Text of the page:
• Ronald Brownstein on the Health Care 'Leap of Faith'  The National Journal political director and columnist lays out a potential solution for Democrats on health care reform. While the Senate plan provides an "equitable and efficient" foundation for the health system, Brownstein laments that polling numbers emphasize an opposition more intense and galvanized than the support for reform. His solution? Follow the advice of White House communications director Dan Pfeiffer and, in Brownstein's words, "pass it despite poor poll numbers and then build support through implementation ... Democrats need the confidence to take a leap of faith."
  • Paul Krugman on the Financial Reform Endgame  Between lambasting the Senate in general and Senate Republicans in particular, the New York Times columnist advises Democrats to flatly refuse to accept any measure of watered-down financial reform and "draw a line in the sand" for Republicans:
There are times when even a highly imperfect reform is much better than nothing; this is very much the case for health care. But financial reform is different. An imperfect health care bill can be revised in the light of experience, and if Democrats pass the current plan there will be steady pressure to make it better. A weak financial reform, by contrast, wouldn’t be tested until the next big crisis. All it would do is create a false sense of security and a fig leaf for politicians opposed to any serious action — then fail in the clinch.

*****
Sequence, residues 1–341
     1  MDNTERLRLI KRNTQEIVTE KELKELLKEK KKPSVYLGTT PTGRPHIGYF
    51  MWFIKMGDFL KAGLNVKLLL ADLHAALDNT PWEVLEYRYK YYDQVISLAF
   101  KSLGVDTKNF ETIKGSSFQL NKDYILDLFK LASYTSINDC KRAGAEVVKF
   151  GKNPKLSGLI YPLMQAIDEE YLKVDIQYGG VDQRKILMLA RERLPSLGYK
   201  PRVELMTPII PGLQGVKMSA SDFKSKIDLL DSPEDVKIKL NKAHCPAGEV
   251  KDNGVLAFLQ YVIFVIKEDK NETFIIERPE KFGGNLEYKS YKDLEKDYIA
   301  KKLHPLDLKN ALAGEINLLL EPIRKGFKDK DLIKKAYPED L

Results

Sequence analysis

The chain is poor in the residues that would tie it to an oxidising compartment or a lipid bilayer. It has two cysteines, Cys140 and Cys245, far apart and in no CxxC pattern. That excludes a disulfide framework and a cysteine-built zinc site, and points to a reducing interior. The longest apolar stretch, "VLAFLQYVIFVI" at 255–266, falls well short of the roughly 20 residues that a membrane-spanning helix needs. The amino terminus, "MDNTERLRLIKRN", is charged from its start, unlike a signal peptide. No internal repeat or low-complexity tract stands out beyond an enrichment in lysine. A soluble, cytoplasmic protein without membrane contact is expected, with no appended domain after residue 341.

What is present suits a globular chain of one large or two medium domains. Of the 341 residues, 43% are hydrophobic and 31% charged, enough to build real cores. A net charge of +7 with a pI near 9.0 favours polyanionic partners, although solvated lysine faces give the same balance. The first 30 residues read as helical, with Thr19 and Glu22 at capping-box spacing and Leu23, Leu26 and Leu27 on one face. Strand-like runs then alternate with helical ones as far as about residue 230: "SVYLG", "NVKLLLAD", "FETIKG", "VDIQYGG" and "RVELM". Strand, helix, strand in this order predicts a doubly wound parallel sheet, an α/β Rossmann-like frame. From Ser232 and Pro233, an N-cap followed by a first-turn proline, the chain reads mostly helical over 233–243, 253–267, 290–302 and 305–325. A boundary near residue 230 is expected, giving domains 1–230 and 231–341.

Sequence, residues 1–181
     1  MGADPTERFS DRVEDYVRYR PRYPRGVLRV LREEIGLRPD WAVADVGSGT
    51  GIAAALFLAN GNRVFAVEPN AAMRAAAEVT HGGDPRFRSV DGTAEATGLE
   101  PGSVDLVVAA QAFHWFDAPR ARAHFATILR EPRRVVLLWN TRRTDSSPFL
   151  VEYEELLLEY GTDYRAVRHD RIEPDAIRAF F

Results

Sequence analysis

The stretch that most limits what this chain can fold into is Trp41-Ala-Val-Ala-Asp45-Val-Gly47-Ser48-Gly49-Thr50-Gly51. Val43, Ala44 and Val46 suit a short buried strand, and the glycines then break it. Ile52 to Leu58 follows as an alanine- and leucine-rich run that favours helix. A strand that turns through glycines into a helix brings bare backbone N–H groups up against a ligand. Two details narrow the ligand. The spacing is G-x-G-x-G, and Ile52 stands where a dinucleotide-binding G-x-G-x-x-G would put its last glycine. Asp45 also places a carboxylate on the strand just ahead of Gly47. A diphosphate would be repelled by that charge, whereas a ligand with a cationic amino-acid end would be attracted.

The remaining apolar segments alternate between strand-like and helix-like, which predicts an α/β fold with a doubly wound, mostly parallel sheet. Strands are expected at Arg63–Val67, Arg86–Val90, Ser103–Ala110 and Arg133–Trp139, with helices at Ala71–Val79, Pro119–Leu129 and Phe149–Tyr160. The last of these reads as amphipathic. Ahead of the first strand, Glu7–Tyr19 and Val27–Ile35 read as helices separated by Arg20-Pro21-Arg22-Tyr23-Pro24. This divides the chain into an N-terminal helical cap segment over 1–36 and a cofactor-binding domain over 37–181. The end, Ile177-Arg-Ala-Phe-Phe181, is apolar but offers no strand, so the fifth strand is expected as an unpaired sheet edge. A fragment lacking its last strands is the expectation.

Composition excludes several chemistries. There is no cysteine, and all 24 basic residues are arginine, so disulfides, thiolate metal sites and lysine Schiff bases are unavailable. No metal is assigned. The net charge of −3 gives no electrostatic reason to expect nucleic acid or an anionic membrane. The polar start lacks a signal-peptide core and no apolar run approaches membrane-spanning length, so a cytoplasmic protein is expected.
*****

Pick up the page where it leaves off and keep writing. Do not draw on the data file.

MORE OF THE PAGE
• George Will on 'Curing' Character Flaws  The Washington Post columnist penned a Saturday strafing of the DSM IV's new revision, which unveils psychological diagnoses for a broad range of anti-normative behavior. Though Will snipes "there might be a legal entitlement to be a jerk," he argues there are more serious consequences to "medicalizing the assessment of character."
It is scientifically sensible to say that all behavior is in some sense caused. But a society that thinks scientific determinism renders personal responsibility a chimera must consider it absurd not only to condemn depravity but also to praise nobility.
  • Fareed Zakaria on Debt Reduction  Writing in Newsweek, Zakaria offers a three-point plan for kneecapping America's deficit. Among his suggestions: "Adopt a value-added tax... end the massive, distorting subsidies for home-ownership, health care, and agriculture... [and] tie benefits to rises in inflation, not wages." He admits that "it's the politics that makes this look hard," but stresses that we can't allow political concerns to make a bad situation even worse.
  • Kathleen Parker on Killer Whales  The Washington Post columnist consults her cousin, a marine biologist and former whale trainer, for answers about the orca attack that left a Sea World trainer dead last week. Parker rules out the possibility of premeditation and concludes that there's ultimately no way to know why whales suddenly become aggressive--unless we choose to set aside our affection for the animals and start researching them more thoroughly.